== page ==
Fears of the Fearless FDR: A President’s Superstitions for Friday the 13th

Franklin Delano Roosevelt / Herman Perlman / Tempera and gouache on board, 1935 / National Portrait Gallery, Smithsonian Institution; gift of the artist

In one of the most memorable moments of his political career, Franklin D. Roosevelt said in his first inaugural address on March 4, 1933, “let me assert my firm belief that the only thing we have to fear is fear itself—nameless, unreasoning, unjustified terror which paralyzes needed efforts to convert retreat into advance.” However, the man who led America through two of the greatest challenges our country has faced—the Great Depression and World War II—was not without “fear itself.”

Roosevelt, whose “fireside chats” were moments in which he reassured and comforted and informed America, was afraid of fire. In No Ordinary Time, Doris Kearns Goodwin writes:

Outside Roosevelt's door, which he refused to lock at night as previous presidents had done, Secret Service men patrolled the corridor, alerting the guardroom to the slightest hint of movement. The refusal to lock his door was related to the president's dread of fire, which surpassed his fear of assassination or anything else. The fear seems to have been rooted in his childhood, when, as a small boy, he had seen his young aunt, Laura, race down the stairs, screaming, her body and clothes aflame from an accident with an alcohol lamp.

Goodwin goes on to describe how the president, a man struck down by polio in his thirties, would practice escaping from fires by “dropping from his bed or chair and then crawling to the door.”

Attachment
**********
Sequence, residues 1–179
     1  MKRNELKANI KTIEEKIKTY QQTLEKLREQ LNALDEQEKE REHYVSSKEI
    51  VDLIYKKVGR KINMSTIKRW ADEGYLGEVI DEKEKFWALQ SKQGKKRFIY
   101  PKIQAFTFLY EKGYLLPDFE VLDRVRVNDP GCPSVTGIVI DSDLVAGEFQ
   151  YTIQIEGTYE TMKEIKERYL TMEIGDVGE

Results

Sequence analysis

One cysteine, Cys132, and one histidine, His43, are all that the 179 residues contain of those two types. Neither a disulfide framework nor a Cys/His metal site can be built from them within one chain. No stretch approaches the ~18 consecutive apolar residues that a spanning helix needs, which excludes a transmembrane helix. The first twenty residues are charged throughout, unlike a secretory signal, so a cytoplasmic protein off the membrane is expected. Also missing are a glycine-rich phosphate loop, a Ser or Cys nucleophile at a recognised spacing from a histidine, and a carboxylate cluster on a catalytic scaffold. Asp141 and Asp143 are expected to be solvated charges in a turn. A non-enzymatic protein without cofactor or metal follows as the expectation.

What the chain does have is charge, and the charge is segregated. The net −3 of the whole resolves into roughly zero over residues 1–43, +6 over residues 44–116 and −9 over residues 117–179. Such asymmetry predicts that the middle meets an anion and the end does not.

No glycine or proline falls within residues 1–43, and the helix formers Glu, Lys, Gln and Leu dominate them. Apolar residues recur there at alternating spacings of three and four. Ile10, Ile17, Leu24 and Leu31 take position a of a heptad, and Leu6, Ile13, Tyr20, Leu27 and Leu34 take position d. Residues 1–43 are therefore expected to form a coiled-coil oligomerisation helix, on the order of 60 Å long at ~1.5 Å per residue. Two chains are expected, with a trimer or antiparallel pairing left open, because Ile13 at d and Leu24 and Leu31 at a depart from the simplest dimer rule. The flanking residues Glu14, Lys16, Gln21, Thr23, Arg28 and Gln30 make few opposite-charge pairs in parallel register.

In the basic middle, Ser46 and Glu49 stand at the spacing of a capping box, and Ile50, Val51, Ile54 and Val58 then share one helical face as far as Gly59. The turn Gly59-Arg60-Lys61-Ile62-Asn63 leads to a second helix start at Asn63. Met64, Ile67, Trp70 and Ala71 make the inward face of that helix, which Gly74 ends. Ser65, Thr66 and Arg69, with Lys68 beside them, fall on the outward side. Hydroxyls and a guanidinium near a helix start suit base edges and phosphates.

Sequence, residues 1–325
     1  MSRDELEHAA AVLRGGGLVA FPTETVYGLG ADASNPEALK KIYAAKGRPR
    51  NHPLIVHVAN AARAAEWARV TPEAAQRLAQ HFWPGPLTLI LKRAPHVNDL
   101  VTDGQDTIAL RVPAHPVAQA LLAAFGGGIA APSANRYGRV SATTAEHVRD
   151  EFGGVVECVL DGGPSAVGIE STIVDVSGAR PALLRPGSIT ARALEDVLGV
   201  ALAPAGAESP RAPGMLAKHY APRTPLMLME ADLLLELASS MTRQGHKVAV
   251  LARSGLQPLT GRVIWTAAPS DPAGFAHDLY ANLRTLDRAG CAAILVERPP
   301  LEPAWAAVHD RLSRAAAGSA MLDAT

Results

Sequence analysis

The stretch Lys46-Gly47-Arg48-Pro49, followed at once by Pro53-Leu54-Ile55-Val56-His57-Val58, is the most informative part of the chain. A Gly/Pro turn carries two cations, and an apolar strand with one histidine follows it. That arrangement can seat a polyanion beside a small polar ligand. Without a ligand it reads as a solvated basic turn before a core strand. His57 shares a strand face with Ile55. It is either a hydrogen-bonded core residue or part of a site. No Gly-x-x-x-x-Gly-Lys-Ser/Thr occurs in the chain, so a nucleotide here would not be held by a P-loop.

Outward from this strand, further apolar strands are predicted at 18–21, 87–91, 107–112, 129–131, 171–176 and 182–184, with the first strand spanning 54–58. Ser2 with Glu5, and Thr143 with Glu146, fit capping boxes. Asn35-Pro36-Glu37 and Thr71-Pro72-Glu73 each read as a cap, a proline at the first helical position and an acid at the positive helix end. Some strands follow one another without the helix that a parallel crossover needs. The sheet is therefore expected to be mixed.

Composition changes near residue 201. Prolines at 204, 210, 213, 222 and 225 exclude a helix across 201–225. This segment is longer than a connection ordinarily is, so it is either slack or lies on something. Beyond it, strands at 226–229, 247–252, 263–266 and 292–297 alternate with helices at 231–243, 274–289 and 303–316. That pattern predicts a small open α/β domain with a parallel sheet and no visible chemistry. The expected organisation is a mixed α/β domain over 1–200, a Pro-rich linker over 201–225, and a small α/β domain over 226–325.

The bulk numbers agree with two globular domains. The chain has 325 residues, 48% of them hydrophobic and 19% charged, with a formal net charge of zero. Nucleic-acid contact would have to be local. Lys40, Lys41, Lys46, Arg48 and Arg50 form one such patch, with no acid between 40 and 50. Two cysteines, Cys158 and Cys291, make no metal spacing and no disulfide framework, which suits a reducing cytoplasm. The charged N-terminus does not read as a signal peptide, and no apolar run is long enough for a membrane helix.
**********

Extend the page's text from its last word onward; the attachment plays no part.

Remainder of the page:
Interestingly, FDR also had a mild case of triskaidekaphobia. From the Greek tris/three + kai/and + deka/ten + phobos/fear, our thirty-second president disliked the number thirteen. Journalist and Roosevelt biographer John Gunther wrote, “Like most people with good luck, FDR was moderately—not excessively—superstitious. He hated Friday the thirteenth, he would never start an important trip on a Friday if he could help it, and he disliked sitting down with thirteen at dinner.”

The president's fears, however, were greatly misplaced, and Friday the thirteenth bore him no ill. Franklin D. Roosevelt died on Thursday, April 12, 1945.

- Warren Perry, National Portrait Gallery


Goodwin, Doris Kearns. No Ordinary Time: Franklin and Eleanor Roosevelt: The Home Front in World War II. New York: Simon and Schuster, 1994.

Gunther, John. Roosevelt in Retrospect: A Profile in History. New York: Harper and Brothers, 1950.